Command and Control in Computer Strategy Games

The computer game Civilization starts you off quick and simple, with just one unit.  But it gets more complex as you build more units, cities, and discover more of the world and other civilizations.  Using all of your forces optimally takes a lot of time, and towards the end of the game it becomes a long grind.

Civilization is an extreme example, but many other games follow the same pattern – Sim City, for example. How an we maintain a quick pace throughout a game?

One solution is to think more closely about who the player is representing (an idea outlined in Nicholas Palmer’s books on board wargaming).  In Civilization, you play the leader of a nation, so should be making high-level decisions such as what to research or where to attack, not minutiae such as how many air units should attack Kiev.  That decision is left to capable generals or ministers.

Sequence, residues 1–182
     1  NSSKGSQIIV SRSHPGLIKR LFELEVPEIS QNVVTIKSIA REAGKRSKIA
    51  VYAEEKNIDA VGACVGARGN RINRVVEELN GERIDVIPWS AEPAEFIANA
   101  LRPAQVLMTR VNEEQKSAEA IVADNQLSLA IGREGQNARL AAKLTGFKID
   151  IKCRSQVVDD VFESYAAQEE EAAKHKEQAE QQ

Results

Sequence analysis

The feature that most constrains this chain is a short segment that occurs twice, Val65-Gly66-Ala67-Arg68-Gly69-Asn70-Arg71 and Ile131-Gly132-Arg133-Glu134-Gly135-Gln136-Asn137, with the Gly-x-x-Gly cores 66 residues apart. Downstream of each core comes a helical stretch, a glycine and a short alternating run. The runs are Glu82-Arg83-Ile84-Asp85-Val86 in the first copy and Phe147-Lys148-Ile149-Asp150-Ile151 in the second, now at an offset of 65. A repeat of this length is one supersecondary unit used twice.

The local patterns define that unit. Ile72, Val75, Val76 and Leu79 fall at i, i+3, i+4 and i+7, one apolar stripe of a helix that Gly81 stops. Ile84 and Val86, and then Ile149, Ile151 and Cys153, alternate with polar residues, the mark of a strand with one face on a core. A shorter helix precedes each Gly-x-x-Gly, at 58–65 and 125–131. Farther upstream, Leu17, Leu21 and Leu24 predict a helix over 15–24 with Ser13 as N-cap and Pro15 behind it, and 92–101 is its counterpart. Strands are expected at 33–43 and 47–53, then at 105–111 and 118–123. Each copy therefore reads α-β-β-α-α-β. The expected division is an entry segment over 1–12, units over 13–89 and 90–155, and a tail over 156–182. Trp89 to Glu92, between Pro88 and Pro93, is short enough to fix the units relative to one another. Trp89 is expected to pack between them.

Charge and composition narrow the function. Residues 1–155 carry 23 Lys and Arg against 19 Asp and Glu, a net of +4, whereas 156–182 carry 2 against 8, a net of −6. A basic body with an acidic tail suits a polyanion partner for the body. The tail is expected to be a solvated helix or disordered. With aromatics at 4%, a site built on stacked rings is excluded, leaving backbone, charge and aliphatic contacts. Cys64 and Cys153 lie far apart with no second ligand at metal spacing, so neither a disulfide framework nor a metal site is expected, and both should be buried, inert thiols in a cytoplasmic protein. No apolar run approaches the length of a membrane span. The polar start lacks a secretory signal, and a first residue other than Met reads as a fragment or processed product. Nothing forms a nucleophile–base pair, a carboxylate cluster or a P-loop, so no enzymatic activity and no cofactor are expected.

In the old days of boardgaming, this sort of separation was not desirable – why make the player go through a lot of automated gruntwork?  But a computer can easily perform these chores, with its AI making all the trivial decisions.

Computer games often do have an AI that will run some things on auto-pilot, but the part they generally do not think about is making the AI an integral and necessary part of the system, rather than a crutch for lazy players.  So perhaps you could only give direct orders to four units a turn, for example.  This would make things go quicker and might well be more challenging – choosing 4 out of N units to control is a more intellectually challenging (but often quicker) task than giving routine orders to each of N units.  Ironically, card-driven wargames such as Memoir ’44 or We The People have already adapted this mechanic (although without the ability to auto-pilot unordered units).  And, of course, the early wargame of chess only lets you make one move a turn.


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